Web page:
But of course, there are winners, and this year it was Eimear Murphy and Ian O Sullivan from Colaiste na Treasa in Kanturk. They were the well deserved BT Young Scientists of the year for 2015 for their study 'Alcohol consumption: Does the apple fall far from the tree?' Their being the second Social and Behavioral project to win in the 51 years of the exhibition, I honestly did feel like I was witnessing history seeing them up on stage. Their study was incredibly well carried out and interesting, but more importantly, from the short time I have spent with them, Ian and Eimear seem like great craic. I look forward to getting to know them over the next year, and they are a fantastic addition to the BTYSTE Family!

There's too many people to thank for an amazing week at the #BTYSTE , so I'm just going to pick a very important group of people who I like to think of as the unsung heroes of the BT Young Scientist and Technology Exhibition: The BT Redcoats. They work tirelessly all week to make sure students, sponsors and guests have an amazing time, completely voluntarily, and they're great banter too! I briefly had the honour of wearing a coveted red coat for a few minutes on Saturday evening, but the responsibility was too overwhelming for me: I'll leave it to the experts!

There's something quite special about the BT Young Scientist that nobody can quite put their finger on. You walk into the exhibition hall and you are hit with a sudden wave of heat, noise, and energy, which are all combined into a buzzing atmosphere. There isn't a frown in sight amongst the students, visitors or staff, and topics of conversation range from hair to the complexity of protein molecules. It is this fusion of youth, fun and science that students experience at the RDS, and it is for this reason that the graduates of the BT Young Scientist and Technology Exhibition are well equipped, confident, and competent students who blaze a path for Ireland all over Europe and indeed, the world!

Thursday, January 01, 2015

Disclaimer: I'm not a Spider

Upon the recommendation of a few Twitter followers, I've decided to start a blog, but in all honesty I don't know how this is gonna go. Well, it's been said that the best time to start something is the moment you decided to do it, so here goes:

I guess I should really start by introducing myself. My name is Ciara Judge and I'm a 17 year old 5th year student in Kinsale Community School, Ireland. I love music, and I play violin, piano and guitar (I got a ukulele for Christmas but realistically I can't say I play it yet). I'm quite opinionated, I have an irrational fear of sharks ever since I watched Jaws as a child, and in case the metaphor I use below confuses you, no I am not a spider. You could say that I do my homework, having got 12 A's in the junior certificate state exams, but results don't define me. Oh and yes, I am that science nerd that occasionally appears on the telly.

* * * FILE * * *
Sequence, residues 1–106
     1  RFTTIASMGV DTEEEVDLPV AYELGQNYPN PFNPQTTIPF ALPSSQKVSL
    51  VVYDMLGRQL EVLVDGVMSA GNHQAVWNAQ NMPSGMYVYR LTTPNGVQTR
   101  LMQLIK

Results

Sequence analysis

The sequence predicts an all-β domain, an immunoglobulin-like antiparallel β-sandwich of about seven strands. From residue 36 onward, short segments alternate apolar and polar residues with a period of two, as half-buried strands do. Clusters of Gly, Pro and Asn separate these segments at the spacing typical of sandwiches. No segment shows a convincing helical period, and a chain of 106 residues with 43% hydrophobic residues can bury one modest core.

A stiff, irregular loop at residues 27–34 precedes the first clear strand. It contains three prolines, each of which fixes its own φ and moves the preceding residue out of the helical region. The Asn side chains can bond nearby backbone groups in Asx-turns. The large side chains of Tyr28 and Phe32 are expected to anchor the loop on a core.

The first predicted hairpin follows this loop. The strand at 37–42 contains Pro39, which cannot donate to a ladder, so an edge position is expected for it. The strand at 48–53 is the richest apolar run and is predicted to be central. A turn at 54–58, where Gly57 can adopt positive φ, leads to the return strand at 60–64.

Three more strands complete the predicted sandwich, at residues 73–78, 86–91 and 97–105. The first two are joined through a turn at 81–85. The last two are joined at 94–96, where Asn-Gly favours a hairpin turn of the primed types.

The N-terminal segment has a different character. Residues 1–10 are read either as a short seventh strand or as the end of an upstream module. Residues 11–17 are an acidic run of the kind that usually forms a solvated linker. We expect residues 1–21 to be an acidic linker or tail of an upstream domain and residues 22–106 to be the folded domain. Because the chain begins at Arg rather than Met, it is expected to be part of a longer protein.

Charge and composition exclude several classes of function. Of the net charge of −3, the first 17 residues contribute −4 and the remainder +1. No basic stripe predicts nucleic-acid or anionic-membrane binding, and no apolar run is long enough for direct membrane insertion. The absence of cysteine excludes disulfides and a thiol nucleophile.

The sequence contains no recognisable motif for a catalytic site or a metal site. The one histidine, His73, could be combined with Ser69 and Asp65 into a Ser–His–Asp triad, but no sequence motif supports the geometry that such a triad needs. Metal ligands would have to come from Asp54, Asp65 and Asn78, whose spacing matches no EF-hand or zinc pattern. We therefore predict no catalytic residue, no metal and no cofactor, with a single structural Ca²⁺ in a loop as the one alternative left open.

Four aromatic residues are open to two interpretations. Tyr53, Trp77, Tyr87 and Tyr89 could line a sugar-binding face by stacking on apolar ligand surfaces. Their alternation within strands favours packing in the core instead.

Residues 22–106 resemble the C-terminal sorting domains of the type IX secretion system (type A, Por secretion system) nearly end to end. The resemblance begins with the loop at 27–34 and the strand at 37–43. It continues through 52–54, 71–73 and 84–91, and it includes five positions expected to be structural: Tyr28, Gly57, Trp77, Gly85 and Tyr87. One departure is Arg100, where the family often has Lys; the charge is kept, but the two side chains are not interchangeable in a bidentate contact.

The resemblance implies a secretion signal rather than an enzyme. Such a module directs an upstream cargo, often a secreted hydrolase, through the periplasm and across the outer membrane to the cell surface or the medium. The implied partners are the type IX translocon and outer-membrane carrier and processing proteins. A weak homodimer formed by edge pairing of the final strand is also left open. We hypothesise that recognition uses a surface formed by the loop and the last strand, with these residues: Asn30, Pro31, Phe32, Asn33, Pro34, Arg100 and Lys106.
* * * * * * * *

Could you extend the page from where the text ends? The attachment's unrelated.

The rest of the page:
I live what I like to call a 'Spiderweb Life.' Everyone has seen a spiderweb, and if you look closely there is something fascinating about the way it is structured (though if you're Australian you're more likely to run away in terror than to spend time examining it). There's a central point, and radiating out from it are these little triangular shaped 'pie slices'. When thinking about how I live I liken these pie slices to different disciplines: student life, science research, education outreach, being an AAT project ambassador, travel, etc. with myself standing in the middle alternating focus and juggling time between them. I have my fingers in many pies - but I like it that way, and it has led me to some interesting experiences.

Because of the strangely diverse life I lead I hope this blog will have something for everyone- for students who, like myself, have to integrate study into their busy lives, for fans of science, or even those in industry. Ironic that I begin blogging now, given that the past three years of my life would have been the ones worth documenting, but at least you now get an insight into the aftermath of my being catapulted from a lowly 2nd year student to being one of the winners of the Google Global Science Fair.

I hope to give out some study tips and advice, and document the trips I'll be going on in the coming year including the Galapagos Islands and the Mojave Desert, and of course you'll get all the news on my further work with the project from the horses mouth. Not only looking to the future, I'll also take a look back at the last three years, to explain how we started out and describe some of the key points along the way. First stop, however, on this cyber journey, will be next week's BT Young Scientist and Technology Exhibition which is always a highlight of the year. That just reminded me: I have a suitcase to pack! Realistically, with the way 2015 is looking, my suitcase will be in a permanently full state - not a bad way to live.

p.s. If you see me in the RDS next week, come say hi! I'm only a little socially awkward and I promise I wont bite.